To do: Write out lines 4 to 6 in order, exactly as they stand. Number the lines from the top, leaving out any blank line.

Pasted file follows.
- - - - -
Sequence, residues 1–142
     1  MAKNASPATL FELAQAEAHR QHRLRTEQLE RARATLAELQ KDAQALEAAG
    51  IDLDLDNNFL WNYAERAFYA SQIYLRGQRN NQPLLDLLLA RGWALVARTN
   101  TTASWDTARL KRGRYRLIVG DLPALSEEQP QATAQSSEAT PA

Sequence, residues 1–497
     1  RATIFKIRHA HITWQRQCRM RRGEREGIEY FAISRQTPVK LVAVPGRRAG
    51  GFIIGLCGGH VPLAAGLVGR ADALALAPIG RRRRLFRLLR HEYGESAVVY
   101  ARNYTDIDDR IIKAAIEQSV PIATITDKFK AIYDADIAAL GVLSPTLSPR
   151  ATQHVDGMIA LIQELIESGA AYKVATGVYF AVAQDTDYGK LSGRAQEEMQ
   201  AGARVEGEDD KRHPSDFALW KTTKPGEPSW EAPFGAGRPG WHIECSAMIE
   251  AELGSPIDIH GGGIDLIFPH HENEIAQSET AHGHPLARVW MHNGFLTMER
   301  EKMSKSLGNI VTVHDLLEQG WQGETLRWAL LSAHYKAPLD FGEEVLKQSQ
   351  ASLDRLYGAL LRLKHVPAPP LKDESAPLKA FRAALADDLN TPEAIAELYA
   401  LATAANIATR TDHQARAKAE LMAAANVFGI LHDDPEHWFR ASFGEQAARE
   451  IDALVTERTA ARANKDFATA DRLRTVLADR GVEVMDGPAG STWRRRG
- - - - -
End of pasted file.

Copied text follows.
   101  TTASWDTARL KRGRYRLIVG DLPALSEEQP QATAQSSEAT PA

Sequence, residues 1–497
     1  RATIFKIRHA HITWQRQCRM RRGEREGIEY FAISRQTPVK LVAVPGRRAG